Glen Baskerville always smelled the same: like some lush parlor room draped in velvet and gold, like something unearthly whispering in one's ear and like something wraithlike and inscrutably chilling, a far too appealing villain in a classic fairy tale.
That, at least, was the general consensus. But that same, inscrutable chill was pleasant on the right day; twisted just right beneath one's nose and it could be warm and of an ethereal, woody musk, scented like rosewood and oak and teak. Expensive but understated, with a tea of tea rose – no, a white rose, and vague osmanthus, an odd little evergreen flower, sharp and bittersweet.
Jack disliked the scent on anything that wasn't Glen. Put it on the duke's cloak and it still wasn't the same – not his chair, either, and definitely not on his own skin. On Glen it was perfect: powerful and masculine and Jack could only think of something damn near ambrosial when he buried his face into silky black hair where the scent clung the most, highlighted by sweat and exertion of their most recent tryst. Jack was inclined to swoon, wrapped up in black silk and surrounded by towers of pillows and Glen.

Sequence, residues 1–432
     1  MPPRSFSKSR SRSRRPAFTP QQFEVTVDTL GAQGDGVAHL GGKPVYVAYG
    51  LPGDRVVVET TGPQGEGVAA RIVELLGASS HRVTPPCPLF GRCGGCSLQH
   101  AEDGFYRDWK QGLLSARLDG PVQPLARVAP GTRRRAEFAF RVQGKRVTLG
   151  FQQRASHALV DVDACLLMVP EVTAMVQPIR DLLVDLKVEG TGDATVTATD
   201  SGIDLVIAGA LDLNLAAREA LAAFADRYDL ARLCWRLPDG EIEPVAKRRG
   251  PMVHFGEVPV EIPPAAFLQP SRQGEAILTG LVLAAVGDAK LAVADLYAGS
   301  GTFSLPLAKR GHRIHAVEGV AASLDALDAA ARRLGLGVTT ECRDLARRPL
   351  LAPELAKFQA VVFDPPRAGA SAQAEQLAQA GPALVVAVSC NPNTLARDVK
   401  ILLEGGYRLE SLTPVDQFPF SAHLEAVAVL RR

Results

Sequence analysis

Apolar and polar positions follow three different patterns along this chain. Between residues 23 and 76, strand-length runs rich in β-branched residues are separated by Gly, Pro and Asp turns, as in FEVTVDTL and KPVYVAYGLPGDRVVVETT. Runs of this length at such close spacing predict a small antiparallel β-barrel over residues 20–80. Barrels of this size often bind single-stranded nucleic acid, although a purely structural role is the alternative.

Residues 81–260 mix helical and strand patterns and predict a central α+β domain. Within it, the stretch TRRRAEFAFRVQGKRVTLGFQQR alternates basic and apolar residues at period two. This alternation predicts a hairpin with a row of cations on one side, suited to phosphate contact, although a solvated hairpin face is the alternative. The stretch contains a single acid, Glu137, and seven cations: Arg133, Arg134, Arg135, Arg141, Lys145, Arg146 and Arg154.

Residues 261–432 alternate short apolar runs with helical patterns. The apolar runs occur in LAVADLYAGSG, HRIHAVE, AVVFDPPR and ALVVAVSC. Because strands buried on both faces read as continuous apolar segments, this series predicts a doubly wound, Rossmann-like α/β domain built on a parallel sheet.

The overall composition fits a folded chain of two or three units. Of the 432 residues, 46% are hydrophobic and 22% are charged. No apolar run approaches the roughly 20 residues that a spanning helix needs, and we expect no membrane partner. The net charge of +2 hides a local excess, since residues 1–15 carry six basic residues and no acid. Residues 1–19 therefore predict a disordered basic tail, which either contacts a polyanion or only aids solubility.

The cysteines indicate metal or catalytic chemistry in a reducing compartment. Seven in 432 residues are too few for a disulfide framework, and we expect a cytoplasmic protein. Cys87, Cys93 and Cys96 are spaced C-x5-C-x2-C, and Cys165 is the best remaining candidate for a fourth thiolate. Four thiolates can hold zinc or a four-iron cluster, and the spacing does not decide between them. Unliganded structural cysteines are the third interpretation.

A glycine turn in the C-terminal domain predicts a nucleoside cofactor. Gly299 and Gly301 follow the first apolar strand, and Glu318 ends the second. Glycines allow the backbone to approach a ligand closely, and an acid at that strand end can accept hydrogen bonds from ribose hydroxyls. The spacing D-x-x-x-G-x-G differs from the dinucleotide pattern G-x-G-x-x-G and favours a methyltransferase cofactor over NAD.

If Glen was the villain, did that make him the kidnapped princess? A sort of oddly appealing thought, that. Jack could only hope no one was interested in rescuing him, as he had no desire to leave his lover's thrall any time soon.